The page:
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Is The Bike-Lane Fever Breaking?

The opinions expressed by columnists are their own and do not necessarily represent the views of Townhall.com.

SEATTLE IS one of the most bicycle-friendly cities in the United States — by one reckoning, themost bicycle-friendly. It's also a city in which bike commuting is rapidly losing its appeal. In 2017, according to recent Census Bureau data, a mere 2.8 percent of Seattle's workforce commuted to work by bicycle. That was down from 3.5 percent in 2016, and from 4 percent in 2015. The Seattle Times reports that bike commuting in the Emerald City has fallen to its lowest level in a decade. In raw numbers, the number of people cycling to work in Seattle has plunged from a peak of 16,000 to fewer than 12,000 — a decline of one-fourth.


It isn't only Seattle where the bloom is off the cycling rose. Between 2016 and 2017, bicycle commuting dropped by 12.1 percent in Boston, by 13.7 percent in Atlanta, by 19.9 percent in San Francisco, and by 24.1 percent in Austin. Nationwide, the average number of Americans using a bike to get to work fell to just 836,569, a decrease of 3.2 percent over the past year. It was the third consecutive annual decrease — at a time when the number of US workers is climbing. (Note: The Census Bureau asks about biking only in the context of commuting.)

Considering the billions of dollars that federal, state, and local governments have poured into bicycle infrastructure over the past decade, the steady drop in cycling amounts to a sharp vote of no confidence in bicycles as the much-touted wave of transportation's future. So maybe it's time for public officials and policymakers to turn their backs on the militant, self-righteous bike lobby and its fantasy of a world in which drivers defer to cyclists as the rightful kings of the road. Bicycles — nimble, healthful, non-polluting, cheap — have many advantages. But they don't belong in crowded urban traffic.

There could be a number of reasons for the drop in bicycle commuting. Americans overwhelmingly prefer to travel by car, and lower gasoline prices are making it easier for them to do so. At the same time, more Americans are working from home, and so don't commute at all. It is also plausible, as the head of the California Bicycle Coalition told USA Today, that some commuters have switched from biking to ride-hailing services like Uber and Lyft.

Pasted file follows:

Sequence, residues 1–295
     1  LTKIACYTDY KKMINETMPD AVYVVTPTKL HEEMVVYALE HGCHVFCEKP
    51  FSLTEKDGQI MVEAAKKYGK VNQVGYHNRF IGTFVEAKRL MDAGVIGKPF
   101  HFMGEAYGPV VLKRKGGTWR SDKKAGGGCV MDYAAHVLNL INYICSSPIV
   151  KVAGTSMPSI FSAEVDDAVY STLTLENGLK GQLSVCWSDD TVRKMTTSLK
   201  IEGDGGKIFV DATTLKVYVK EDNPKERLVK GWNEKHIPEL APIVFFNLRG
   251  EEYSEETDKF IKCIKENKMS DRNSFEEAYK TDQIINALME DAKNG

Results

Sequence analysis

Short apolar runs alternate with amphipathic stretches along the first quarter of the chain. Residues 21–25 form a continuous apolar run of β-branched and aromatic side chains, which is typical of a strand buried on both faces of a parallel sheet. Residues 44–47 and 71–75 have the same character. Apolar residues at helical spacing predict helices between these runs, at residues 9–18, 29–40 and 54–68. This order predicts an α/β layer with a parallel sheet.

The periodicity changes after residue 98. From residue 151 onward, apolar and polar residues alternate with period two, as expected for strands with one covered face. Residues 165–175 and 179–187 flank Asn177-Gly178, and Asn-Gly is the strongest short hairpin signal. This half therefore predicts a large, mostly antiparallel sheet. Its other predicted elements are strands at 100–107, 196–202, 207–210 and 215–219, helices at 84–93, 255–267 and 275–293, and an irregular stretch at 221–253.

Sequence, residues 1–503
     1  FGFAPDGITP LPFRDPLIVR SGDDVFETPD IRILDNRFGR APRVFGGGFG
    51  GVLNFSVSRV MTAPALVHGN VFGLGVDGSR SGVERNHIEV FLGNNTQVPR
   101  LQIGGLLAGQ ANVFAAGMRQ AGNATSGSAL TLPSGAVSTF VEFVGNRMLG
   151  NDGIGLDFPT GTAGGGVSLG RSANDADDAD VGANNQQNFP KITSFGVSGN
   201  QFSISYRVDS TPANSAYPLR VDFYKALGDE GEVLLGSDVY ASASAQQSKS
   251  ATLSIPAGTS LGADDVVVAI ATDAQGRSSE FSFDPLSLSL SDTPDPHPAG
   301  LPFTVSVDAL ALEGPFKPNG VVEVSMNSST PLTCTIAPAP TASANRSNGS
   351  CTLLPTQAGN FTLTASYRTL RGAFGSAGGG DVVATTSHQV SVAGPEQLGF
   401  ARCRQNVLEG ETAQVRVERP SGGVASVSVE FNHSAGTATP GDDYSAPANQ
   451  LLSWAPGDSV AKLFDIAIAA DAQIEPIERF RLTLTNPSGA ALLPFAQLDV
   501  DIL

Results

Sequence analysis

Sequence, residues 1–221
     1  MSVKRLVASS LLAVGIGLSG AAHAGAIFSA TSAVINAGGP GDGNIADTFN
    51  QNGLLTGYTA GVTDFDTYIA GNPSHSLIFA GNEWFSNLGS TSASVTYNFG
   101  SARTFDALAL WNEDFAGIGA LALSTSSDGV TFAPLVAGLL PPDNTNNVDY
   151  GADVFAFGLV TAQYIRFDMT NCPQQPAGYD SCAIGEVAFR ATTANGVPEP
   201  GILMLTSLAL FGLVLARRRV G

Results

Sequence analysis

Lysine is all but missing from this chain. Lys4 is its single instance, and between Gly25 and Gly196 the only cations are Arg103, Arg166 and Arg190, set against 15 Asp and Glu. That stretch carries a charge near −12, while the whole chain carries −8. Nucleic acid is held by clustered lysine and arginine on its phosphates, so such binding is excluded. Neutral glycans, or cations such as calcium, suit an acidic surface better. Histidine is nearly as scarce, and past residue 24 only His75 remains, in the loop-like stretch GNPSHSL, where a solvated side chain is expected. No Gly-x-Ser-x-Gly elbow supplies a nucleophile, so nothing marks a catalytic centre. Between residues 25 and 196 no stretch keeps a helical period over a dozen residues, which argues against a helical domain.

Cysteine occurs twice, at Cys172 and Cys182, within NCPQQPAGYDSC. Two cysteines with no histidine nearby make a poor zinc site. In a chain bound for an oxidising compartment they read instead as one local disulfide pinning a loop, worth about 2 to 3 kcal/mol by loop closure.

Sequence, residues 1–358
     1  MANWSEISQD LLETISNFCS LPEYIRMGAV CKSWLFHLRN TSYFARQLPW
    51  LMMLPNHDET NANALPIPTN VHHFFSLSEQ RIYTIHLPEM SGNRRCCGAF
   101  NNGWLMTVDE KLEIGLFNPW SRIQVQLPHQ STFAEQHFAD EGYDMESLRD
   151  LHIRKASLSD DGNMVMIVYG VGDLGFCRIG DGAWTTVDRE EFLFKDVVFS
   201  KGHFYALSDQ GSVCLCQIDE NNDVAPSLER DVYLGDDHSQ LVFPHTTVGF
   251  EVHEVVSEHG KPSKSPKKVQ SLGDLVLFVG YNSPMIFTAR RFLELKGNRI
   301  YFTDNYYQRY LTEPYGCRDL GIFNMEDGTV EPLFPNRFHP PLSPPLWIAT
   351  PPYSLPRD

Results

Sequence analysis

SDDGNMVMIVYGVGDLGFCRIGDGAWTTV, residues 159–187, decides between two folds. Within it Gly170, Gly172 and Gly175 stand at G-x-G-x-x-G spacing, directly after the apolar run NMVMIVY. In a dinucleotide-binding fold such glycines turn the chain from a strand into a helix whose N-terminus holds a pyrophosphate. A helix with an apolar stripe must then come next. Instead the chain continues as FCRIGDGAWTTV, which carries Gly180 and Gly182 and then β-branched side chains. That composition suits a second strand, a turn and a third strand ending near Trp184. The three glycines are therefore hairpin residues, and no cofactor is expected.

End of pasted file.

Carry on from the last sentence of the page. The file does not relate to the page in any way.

Plainly, however, tens of thousands of Americans have had second thoughts about cycling to their jobs. And that's despite the recent mania for inserting bike lanes into city streets, which has everywhere disadvantaged the vast majority of commuters who drive in order to accommodate the tiny minority who bike.

Subtracting or squeezing already-crowded car lanes for the benefit of cyclists is a terrible idea. As bicycle lanes have worsened traffic congestion, they have led to a "bikelash" in communities as disparate as Los Angeles, Memphis, and Boise, Idaho. The doctrine that cars, buses, and trucks should "share the road" with bicycles sounds egalitarian and green, but it's as impractical as expecting motor vehicles to "share" urban thoroughfares with skateboards and strollers. The chief function of those roads is to keep people and goods moving as rapidly, efficiently, and safely as possible. Bike lanes unavoidably impede that function — often to the detriment of bike riders themselves.

"Cyclists are at high risk when they're on the road," observed environmentalist Lawrence Solomon in Canada's Financial Post. Citing data from Canada and Europe, he noted that the accident rate for bicycles is at least 26 times the rate for cars, explaining that dedicated bike lanes are more likely to cause accidents, especially when cyclists and drivers turn or cross at intersections. Within the European Union, cyclists accounted for 12 percent of all urban road deaths as of 2017. In the almost obsessively bike-friendly Netherlands, wrote Solomon, a whopping two-thirds of individuals seriously injured in road accidents were bicycle riders — the majority of them hurt not by cars but by poor road conditions or the cyclist's own negligence.


In the United States, meanwhile, the Transportation Department reports that the number of annual cyclist fatalities climbed 20 percent between 2007 and 2016.

For drivers and cyclists alike, the roads can be a challenge, clogged and dangerous. Where street space is scarce and traffic is heavy, bicycle lanes simply don't work. They may initially have seemed appealing, but Americans know better now. Commuting by bike is not the wave of our urban future. It's just another overrated utopian scheme.

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